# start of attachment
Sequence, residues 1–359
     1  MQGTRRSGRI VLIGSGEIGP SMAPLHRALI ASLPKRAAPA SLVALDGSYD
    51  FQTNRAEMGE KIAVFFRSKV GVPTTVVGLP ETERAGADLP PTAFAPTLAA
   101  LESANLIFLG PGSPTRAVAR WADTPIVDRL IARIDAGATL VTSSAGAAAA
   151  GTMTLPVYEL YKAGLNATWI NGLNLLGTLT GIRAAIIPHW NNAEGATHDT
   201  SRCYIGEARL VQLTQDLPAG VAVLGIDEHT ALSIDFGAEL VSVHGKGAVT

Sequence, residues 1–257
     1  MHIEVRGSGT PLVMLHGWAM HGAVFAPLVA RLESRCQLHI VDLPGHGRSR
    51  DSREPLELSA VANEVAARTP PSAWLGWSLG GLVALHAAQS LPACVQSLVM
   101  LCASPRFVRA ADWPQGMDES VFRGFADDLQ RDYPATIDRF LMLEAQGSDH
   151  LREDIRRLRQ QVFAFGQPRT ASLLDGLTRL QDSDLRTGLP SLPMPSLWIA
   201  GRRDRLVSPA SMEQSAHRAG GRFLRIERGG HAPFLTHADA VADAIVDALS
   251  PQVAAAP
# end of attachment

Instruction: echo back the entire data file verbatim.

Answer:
Sequence, residues 1–359
     1  MQGTRRSGRI VLIGSGEIGP SMAPLHRALI ASLPKRAAPA SLVALDGSYD
    51  FQTNRAEMGE KIAVFFRSKV GVPTTVVGLP ETERAGADLP PTAFAPTLAA
   101  LESANLIFLG PGSPTRAVAR WADTPIVDRL IARIDAGATL VTSSAGAAAA
   151  GTMTLPVYEL YKAGLNATWI NGLNLLGTLT GIRAAIIPHW NNAEGATHDT
   201  SRCYIGEARL VQLTQDLPAG VAVLGIDEHT ALSIDFGAEL VSVHGKGAVT

Sequence, residues 1–257
     1  MHIEVRGSGT PLVMLHGWAM HGAVFAPLVA RLESRCQLHI VDLPGHGRSR
    51  DSREPLELSA VANEVAARTP PSAWLGWSLG GLVALHAAQS LPACVQSLVM
   101  LCASPRFVRA ADWPQGMDES VFRGFADDLQ RDYPATIDRF LMLEAQGSDH
   151  LREDIRRLRQ QVFAFGQPRT ASLLDGLTRL QDSDLRTGLP SLPMPSLWIA
   201  GRRDRLVSPA SMEQSAHRAG GRFLRIERGG HAPFLTHADA VADAIVDALS
   251  PQVAAAP